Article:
7. Miguel

    It is inspiring to see how the reflections stemming from this nasty incident take you to a very philosophical place of wondering about actions and reactions. What I am missing from your thinking is more elaboration on what you intimate may be your relationship with the countryside, and in a way with England, once/if your life changes by switching from single life to parenthood. Sounds as if, deep down, you would look at seeking refuge in the countryside to bring up your children if/when they come. Interesting how we tend to repeat whatever environment we grew up in. Anyway, love your posts and thoughts.

    1. bananaskinflipflops

      Thank you Miguel and you are so right, we all think we have turned out okay (I will never forget interviewing an awful woman once who told me: “I told [my kid] not to bother with school, I mean, I never went and I am alright,” and I thought, yep, delusion is how the mind protects us) so it is easy to think we should repeat our childhoods but, I don’t know… cities are my choice and I accept their faults, because I love what they achieve, but would I inflict their faults on someone who was not necessarily old enough to partake of their benefits? I hasten to add that this is not something I would need to consider for some time, mind you, if ever!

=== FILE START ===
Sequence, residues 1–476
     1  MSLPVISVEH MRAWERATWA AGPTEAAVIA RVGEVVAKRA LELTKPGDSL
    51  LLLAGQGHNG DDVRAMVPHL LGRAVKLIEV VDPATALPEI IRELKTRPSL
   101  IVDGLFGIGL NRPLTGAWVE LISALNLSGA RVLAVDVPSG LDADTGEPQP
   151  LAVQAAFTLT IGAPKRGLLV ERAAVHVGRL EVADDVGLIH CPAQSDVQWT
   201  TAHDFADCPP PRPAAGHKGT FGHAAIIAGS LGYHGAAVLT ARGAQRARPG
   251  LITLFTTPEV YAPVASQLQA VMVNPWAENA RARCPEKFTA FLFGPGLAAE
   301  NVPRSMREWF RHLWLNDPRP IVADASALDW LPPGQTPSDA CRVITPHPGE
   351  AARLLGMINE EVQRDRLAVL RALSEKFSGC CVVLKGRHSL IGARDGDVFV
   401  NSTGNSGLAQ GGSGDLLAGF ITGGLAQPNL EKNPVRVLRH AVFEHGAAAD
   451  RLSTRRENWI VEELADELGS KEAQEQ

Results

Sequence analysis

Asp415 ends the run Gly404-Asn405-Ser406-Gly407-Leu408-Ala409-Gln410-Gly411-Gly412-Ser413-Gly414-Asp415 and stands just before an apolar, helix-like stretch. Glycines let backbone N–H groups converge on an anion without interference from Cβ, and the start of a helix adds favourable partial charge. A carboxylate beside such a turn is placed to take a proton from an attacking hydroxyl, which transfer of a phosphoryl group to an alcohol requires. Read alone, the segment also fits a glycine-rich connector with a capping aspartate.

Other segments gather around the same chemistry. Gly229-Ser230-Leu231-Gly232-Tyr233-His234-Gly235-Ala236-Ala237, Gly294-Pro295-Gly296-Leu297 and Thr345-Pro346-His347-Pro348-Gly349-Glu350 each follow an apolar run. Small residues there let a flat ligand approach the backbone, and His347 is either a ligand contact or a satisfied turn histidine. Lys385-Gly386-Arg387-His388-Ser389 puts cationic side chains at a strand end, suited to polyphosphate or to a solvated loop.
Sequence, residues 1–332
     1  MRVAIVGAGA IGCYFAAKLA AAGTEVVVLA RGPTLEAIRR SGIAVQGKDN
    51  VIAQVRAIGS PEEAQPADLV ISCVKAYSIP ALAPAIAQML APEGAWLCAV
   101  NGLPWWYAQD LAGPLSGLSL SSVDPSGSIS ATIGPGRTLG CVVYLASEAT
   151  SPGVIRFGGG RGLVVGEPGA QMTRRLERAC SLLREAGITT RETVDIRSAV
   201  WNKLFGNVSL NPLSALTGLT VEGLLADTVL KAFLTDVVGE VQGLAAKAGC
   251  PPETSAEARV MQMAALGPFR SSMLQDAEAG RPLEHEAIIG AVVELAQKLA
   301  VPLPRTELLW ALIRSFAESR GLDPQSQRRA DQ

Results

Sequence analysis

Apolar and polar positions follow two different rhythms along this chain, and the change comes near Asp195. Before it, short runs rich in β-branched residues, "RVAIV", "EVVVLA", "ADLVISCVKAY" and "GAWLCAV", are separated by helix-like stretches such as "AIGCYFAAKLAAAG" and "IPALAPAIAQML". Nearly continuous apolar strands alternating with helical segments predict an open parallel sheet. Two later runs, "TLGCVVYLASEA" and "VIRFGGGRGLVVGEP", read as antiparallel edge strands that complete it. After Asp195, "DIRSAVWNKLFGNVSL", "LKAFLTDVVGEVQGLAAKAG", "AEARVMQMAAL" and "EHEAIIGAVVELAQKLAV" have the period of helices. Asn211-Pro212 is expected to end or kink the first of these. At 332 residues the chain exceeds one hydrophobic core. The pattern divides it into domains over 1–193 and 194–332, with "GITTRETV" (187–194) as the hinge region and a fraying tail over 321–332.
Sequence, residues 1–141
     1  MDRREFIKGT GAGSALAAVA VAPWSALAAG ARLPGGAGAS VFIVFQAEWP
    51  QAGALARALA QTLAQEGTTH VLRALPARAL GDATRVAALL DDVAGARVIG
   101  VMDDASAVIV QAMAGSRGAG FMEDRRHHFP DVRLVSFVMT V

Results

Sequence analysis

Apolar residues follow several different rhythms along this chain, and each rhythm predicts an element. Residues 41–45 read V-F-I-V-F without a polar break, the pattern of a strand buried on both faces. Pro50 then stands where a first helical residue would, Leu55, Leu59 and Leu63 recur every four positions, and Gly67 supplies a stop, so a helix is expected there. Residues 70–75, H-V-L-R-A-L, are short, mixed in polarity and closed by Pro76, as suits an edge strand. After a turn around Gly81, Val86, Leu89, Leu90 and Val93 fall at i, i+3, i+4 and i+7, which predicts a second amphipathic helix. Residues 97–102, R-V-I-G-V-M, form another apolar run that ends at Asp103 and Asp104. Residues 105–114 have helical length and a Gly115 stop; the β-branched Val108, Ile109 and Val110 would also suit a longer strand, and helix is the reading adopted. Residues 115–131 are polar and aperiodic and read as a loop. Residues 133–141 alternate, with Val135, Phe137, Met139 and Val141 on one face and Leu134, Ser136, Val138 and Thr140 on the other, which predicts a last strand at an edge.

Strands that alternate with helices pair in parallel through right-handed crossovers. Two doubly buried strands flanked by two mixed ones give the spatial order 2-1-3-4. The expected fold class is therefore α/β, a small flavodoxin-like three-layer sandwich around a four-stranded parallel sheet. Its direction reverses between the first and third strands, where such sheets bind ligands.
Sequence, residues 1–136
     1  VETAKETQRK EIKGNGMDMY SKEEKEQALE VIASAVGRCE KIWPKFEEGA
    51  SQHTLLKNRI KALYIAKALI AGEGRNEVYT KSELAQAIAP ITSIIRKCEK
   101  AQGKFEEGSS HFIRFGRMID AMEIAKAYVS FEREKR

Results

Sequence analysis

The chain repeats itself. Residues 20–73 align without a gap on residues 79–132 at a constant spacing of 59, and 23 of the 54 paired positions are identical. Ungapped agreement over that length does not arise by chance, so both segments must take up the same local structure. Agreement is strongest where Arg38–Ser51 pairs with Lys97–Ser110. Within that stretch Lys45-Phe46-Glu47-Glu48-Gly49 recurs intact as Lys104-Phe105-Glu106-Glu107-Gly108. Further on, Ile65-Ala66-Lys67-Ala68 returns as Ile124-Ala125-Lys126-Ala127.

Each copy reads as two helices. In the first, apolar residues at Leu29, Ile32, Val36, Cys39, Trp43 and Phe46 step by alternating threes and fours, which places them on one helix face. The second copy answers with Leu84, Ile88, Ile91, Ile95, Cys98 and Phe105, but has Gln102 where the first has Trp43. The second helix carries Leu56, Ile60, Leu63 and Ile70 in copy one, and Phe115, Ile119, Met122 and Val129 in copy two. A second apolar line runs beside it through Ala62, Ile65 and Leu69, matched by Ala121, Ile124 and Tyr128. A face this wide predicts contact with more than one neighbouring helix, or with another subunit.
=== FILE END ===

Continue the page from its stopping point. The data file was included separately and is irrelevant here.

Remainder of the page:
8. cafealeman3690

    Me too. Glad you are OK. Ive walked down Caracas past some real characters more then a few times while in Bogota and so far so good. My friends always warn me though not to take chances, but I’m always thinking that’s what happens to the other guy never to me because it cant happen to me lol. Thanks for the wake up call and I am sincerely glad you are safe and sound.

    1. bananaskinflipflops